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Travel Agents Successfully Utilise Direct Marketing Techniques to Boost Holiday Bookings in 2011

Recent years have witnessed a dramatic increase in online bookings from holidaymakers across the globe and the data collected from such bookings is now being used by savvy travel agents to target niche groups of customers for their next vacation.

The internet has opened up plenty of opportunities for marketers to sharpen their accuracy when it comes to distributing ads.  Any online booking system requires users to fill out a form and the details within those forms provide the website with a valuable customer analysis that would be difficult to collate using traditional means.

This information is like gold dust to any business but travel agents in particular have seen real benefits of the approach during the last year. The European Technology and Travel Services Association carried out research that shows:

“Gross online travel bookings across Europe will account for 35% of the total in 2011, measuring 83.6 billion Euros compared to 238 billion Euros for the entire market.”

Considering the advertising technique is still in its youth, this research shows that direct marketing is rapidly becoming a high-calibre weapon in the armoury of travel agents.  The real beauty of it being that it’s relatively ‘easier’ to wield than traditional methods.

When a customer goes online and books a three star hotel in Mallorca for a family of four, the travel agent’s marketing team can then advertise similar packages to that customer throughout the following year.
By collecting all this demographic data through a combination of data companies and utilising the simple practice of forms travel agents are carrying out their market research at the same time as processing a holiday booking.
This market research could provide details of a customer’s email address and social networking accounts to be targeted.  Still, the marketing technique should not be mistaken for random spamming and can actually be of use to customers, especially those who the product or service provides a solution or opportunity like holidaymakers.

Trawling through brochures and websites may be part of the whole holiday experience but for some it can all be a bit overwhelming.  With direct marketing, the travel agents are doing the research for the vacationer.
It’s basically a two-way street - businesses get to advertise more directly (and successfully) while customers receive almost a bespoke package based on their demographics and psychographics.  It’s important to remember that just because these advertisements are aimed at niche groups, it’s not to say those niche groups are exempt from using the other services that particular business has to offer.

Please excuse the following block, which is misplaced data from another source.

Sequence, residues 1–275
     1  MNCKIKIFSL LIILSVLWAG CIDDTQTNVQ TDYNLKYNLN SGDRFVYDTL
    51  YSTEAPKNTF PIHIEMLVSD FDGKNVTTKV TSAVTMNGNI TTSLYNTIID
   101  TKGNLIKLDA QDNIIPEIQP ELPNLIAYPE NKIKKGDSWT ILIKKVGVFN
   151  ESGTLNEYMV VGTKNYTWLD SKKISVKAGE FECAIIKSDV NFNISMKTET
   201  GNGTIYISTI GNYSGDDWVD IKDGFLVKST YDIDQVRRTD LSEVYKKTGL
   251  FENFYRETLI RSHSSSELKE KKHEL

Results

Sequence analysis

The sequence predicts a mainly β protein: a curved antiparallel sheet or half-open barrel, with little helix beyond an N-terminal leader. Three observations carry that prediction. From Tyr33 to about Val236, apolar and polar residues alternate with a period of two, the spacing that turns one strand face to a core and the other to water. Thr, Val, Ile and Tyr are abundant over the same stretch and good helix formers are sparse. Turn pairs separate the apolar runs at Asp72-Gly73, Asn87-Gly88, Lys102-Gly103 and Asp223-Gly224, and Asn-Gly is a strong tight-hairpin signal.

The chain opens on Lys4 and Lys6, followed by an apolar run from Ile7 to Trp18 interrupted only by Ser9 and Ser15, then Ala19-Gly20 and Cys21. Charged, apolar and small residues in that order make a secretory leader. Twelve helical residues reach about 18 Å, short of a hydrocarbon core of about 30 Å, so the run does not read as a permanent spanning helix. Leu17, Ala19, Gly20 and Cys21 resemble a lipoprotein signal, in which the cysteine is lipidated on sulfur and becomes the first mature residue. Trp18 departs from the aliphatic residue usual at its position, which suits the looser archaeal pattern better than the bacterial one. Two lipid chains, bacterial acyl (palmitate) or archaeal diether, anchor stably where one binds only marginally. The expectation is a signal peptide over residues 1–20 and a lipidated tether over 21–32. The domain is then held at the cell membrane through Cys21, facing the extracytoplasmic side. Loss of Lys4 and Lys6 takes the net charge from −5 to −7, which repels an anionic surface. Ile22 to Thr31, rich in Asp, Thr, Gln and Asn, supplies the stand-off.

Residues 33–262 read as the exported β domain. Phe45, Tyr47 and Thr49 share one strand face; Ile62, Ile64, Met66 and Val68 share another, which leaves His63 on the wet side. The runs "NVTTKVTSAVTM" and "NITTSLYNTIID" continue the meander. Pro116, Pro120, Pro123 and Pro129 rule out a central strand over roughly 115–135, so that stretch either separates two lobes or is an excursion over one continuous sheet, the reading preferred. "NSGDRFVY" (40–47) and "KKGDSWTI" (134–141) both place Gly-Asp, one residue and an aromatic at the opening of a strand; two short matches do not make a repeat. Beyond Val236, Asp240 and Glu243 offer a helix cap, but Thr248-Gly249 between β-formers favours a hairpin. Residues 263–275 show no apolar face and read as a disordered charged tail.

Social networking sites like Facebook and Twitter are also becoming hunting grounds for travel agents who utilise the combination of demographic data and Facebook advertisements or dedicated pages, as they are likely to experience much more successful advertising campaigns than traditional fall-behinds.

Google named Facebook the most visited website in 2010 surpassing Google itself!  If a travel agent can use these incredible platforms effectively to target consumers, who should (theoretically) be interested in their product or service, then it’s difficult to argue a reason not to delve into social media and creating positive social engagement.

With smart phones, handheld tablets and even TVs that can connect to the internet, booking a holiday can literally take seconds and if a user’s preferred holiday type is advertised on their social feeds or sitting in their inbox thanks to direct marketing, spontaneous holiday goers are going to be jetting off quicker than ever.
If advertisers can use the technique tastefully and avoid crossing the line into spam bombardment, the customer analysis database that comes as a result could be a long lasting treasure chest of marketing intelligence, to be updated and used again year after year.

Individuals have the right to prevent anyone from using their demographic profile for direct marketing on account of the Data Protection Act 1998.  Also, it’s not always necessary to fill out an online form completely – the email box for example, often isn’t starred (*), which leaves it entirely up to the customer to supply such information.  Still, the users who do provide their email can be slotted into the marketing team’s email lists and benefit from the receiving end of direct marketing.